“My mom saw so much potential in me, and I never really saw it myself. I used her faith in me to literally pull myself upward,” Tucker said. “We’re so quick to be victims of our circumstances. We naturally want to find all these excuses as to why we can’t do something, instead of just saying, ‘You know what? I’m just going to go do this.’ I’ve never trained for something like I trained for these pullups. I’ve never put this amount of discipline into training, recovery, all of that.”
On most training days, Tucker would do 1,000 pullups. He found himself truly understanding the value of recovery and discovered the need to be disciplined in that regard just as he was disciplined in every other area of his training.
During the event, Tucker repeated the mantra “Three pullups every 30 seconds, three pullups every 30 seconds.”
(Photo by Matt McQuire Photo.)
Technically speaking, Tucker’s pullup record is still filed as an “attempt.” He is currently in the verification process with the Guiness Book of World Records, a process that is now past the submission stage and into the verification stage.
This is not a straightforward process; Guinness requires a host of verifications, witnesses, and documentation to qualify. Prior to the day of the event, Tucker’s mind had to be honed and focused on the training portion — he needed help with the logistics of the event itself.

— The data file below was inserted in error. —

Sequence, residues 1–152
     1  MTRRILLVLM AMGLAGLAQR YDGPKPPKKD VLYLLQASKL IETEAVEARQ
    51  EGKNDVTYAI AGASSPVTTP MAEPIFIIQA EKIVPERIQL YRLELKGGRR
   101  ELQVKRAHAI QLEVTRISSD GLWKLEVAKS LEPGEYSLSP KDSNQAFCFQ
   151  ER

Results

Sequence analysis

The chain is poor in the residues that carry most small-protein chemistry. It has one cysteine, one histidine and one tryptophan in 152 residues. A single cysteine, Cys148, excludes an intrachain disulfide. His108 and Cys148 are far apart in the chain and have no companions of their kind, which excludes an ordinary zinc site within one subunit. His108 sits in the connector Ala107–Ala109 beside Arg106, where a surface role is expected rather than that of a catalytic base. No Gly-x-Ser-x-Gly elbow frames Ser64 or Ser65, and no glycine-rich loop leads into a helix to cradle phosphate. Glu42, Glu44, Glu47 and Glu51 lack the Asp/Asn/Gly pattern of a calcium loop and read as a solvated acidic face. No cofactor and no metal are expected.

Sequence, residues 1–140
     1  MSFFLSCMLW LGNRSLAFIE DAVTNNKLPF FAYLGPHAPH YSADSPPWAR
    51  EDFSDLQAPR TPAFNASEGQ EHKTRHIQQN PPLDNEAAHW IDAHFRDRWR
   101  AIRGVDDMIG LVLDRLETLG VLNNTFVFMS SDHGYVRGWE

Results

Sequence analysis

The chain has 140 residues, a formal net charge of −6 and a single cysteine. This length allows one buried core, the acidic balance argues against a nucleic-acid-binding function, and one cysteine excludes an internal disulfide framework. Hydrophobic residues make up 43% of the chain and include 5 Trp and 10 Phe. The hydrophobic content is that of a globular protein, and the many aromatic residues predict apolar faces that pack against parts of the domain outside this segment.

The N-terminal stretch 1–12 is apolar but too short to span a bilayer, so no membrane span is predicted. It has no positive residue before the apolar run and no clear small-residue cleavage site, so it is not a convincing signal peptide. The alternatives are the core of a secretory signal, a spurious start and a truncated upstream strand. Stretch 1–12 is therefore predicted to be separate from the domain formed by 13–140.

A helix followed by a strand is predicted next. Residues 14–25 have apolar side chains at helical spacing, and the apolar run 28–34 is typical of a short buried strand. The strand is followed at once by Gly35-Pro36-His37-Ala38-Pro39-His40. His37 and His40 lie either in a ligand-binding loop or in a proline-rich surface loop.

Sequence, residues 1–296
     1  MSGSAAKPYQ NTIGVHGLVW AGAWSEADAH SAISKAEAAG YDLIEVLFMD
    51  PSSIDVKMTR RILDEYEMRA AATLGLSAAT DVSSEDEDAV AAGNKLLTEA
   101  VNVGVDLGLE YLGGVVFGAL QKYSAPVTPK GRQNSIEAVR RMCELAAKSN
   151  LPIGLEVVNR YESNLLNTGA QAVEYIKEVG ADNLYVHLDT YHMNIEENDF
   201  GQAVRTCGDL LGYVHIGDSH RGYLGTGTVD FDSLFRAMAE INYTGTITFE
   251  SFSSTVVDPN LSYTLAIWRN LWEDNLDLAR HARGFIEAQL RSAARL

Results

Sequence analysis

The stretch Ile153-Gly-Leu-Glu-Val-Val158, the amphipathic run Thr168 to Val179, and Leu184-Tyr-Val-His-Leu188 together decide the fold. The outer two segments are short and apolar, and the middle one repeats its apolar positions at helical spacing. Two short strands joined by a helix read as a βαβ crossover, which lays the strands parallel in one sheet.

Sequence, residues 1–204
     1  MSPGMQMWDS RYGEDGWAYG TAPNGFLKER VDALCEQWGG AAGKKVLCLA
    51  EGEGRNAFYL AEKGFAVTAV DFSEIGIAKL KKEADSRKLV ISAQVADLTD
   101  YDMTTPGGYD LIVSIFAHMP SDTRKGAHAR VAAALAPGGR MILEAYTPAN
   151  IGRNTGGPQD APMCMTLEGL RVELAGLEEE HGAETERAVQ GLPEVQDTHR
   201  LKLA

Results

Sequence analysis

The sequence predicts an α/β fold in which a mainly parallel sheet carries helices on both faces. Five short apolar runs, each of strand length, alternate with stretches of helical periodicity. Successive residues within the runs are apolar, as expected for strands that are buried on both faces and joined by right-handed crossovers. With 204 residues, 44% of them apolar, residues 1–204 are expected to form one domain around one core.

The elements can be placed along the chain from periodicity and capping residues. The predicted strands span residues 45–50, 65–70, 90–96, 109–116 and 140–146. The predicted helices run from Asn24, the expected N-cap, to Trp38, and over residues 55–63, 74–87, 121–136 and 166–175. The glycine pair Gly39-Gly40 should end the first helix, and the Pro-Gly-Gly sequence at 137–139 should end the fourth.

This is where Tucker’s military family stepped in — particularly Mary Kubik, Gold Star sister of fallen Army Ranger Ronald Kubik (KIA April 2010). Not only did she help him find someone to set up the two verification cameras, coordinate the witnesses, and keep log sheets, she also helped him come up with a list of charities they felt were worthy of support.
“This is what I’m passionate about. It’s what I like to do.”
(Photo by Matt McQuire Photo.)
Three days before Tucker attempted to break the world record, he reached out to the previous world record holder, John Orth. Tucker had heard Orth on a podcast, and he had found it incredibly motivating. He wasn’t sure how Orth would take being contacted by the person trying to break his record, but Tucker sent him a message on Instagram anyway.
Not only was Orth receptive, but he was eager to give Tucker encouragement and some practical tips as well. At the time, Tucker was planning on moving forward with a single pair of gloves. Orth immediately told him to have 10 pairs of gloves and make sure they were kept dry.
“Had I not reached out to him, I probably would have failed,” Tucker said. “He’s an awesome guy, he was all about helping me.”
That spirit inspired a similar attitude in Tucker. “Now that I’ve done it, I’m not worried about someone breaking [the record],” he said. “I want someone to break it.”
Tucker left the military as a Ranger squad leader.
(Photo courtesy of Brandon Tucker.)
When asked what his plans are after the verification process is complete, Tucker said he plans to continue focusing on his health and fitness.
“I am sick,” Tucker said. “I do have this disease that I get treated for every eight weeks. I struggled after I got out [of the Army], but now this thing has lit a fire inside me. I don’t know what’s next, but I want to see what I’m capable of with this body and my mind. If it’s fitness related and I can’t do it, it’s my own fault. I’m surrounded by the coaches, the gyms, the nutrition coaches — I have all the tools.”